Here's how the combined SRC compares to its net lease peers:
Spirit MTA REIT (SMTA)
The "bad bank" REIT will primarily contain two sets of assets (today they tossed in some more workout assets similar to Shopko that will be sold with the proceeds going into the Master Trust):
- Shopko is a mostly rural (midwest and western US) discount store that's facing similar pressures to many retailers, its under-invested in its stores and sells ubiquitous products that you can buy almost anywhere. It's target market is similar to Sears, its sort of an unfocused general store. Spirit currently leases 101 properties to Shopko, representing 7.8% of its lease roll (prior to the spinoff), it recently became a secured lender of Shopko as well, advancing $35MM in the form of a term loan at a 12% interest rate. The term loan will provide SRC/SMTA with quarterly financial statements and more direct insight into how the business is performing and also gives them optionality to separate the Shopko assets further if necessary. SRC has been selling down Shopko assets in recent quarters/years, and will continue to do so at SMTA with the goal to completely dispose of the assets within 24 months of the spinoff. With the proceeds from the dispositions, SMTA will contribute those proceeds to the Master Trust and lever it up. The Shopko portfolio is debt free today, so in the event of a bankruptcy/liquidation at Shopko, the remaining assets at SMTA within the Master Trust shouldn't be impacted.
- Master Trust 2014 (also seen it referred to as Master Trust A): Here's the interesting portfolio, the Master Trust portfolio is setup as an SPV, its bankruptcy remote from the rest of SMTA, and has a A+ rating by S&P with a 75% LTV. The asset base is very similar to that of the rest of SRC, single tenant triple net leases, albeit a higher concentration of smaller tenants. The effective leverage SMTA will be able to get inside the SPV is about 12x EBITDA. I was able to locate the trustee report and the distributions to SRC have been pretty consistent over the past few years and they haven't stuffed the SPV with bad assets since announcing the spin. Through the Master Trust and a new CMBS issue, SRC was able to raise an additional $698MM in debt at SMTA that will be used to reinvest in STOR/O/NNN like assets at SRC.
I had a simple model put together late last week to break out new-SRC vs SMTA, but today the company released an updated presentation that does all the heavy lifting for us:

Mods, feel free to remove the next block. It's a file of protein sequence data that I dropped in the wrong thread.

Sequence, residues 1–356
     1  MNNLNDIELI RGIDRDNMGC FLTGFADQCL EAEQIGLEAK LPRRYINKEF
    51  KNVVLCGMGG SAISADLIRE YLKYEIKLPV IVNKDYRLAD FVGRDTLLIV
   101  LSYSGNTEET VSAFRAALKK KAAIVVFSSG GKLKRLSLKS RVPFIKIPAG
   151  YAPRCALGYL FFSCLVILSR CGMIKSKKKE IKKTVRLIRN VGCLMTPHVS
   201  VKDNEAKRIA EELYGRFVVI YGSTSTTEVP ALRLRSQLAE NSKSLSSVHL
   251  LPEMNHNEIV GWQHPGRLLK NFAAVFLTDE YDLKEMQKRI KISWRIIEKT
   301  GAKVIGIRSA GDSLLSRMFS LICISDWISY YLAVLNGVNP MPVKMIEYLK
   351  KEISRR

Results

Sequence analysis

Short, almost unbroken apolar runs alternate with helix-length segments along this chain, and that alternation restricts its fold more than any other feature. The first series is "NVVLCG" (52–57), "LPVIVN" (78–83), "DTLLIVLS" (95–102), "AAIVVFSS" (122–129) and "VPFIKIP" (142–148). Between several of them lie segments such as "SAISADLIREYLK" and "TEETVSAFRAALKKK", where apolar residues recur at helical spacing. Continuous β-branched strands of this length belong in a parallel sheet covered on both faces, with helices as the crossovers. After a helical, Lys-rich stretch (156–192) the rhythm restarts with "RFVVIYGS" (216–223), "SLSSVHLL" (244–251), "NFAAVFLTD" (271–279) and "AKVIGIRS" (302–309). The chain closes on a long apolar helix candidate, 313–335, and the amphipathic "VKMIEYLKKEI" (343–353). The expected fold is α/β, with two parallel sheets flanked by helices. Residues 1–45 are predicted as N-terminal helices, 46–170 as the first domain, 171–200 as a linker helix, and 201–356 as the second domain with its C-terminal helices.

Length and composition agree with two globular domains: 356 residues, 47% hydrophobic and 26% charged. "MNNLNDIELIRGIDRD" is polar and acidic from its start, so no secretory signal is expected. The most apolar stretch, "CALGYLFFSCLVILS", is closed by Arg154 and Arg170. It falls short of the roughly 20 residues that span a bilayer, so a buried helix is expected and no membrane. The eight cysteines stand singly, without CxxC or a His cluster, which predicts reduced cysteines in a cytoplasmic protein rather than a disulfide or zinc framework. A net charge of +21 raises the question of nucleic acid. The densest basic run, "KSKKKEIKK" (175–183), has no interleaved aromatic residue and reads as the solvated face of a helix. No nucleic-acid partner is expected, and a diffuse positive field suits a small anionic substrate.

SMTA won't have any close peers that I'm aware of (please correct me if there is one) and will probably trade terribly initially as the investor base for SMTA will be much different than SRC. SRC provided an NAV build in the presentation today, the $1.61 value in the Master Trust is likely pretty solid (as of January 2018) as its just refinanced and had a third party assess the value of the collateral as part of that process.
$9.75 for new SRC + $1.17 for SMTA = $10.92 versus a share price of $8.50 today, or ~30% upside without accounting for any new investments either side makes with their growth capital.
Why is this so undervalued? I think it mostly relates to the typical net lease investor base, REIT investors like simple and safe stories, this spinoff transaction while creative is far from simple and the headline concentration risk to Shopko has scared away many investors. This spinoff should remove the tenant concentration risk, simplifies the story, and then through the reinvestment of the capital raise from SMTA, allows SRC to return to the market and show a growing AFFO/dividend stream which should also help raise the valuation.
Biggest risks here: 1) interest rates moving higher than expected, the majority of their leases do have escalators built in but they're long dated and the investor base is also interest rate sensitive as net lease REITs are viewed as a bond alternative; 2) general recessionary risks, particularly with retail, although SRC is trying to move more towards services based tenants, these are risky borrowers that often can't get traditional financing elsewhere so they turn to a sale-leaseback transaction.
Disclosure: I own shares of SRC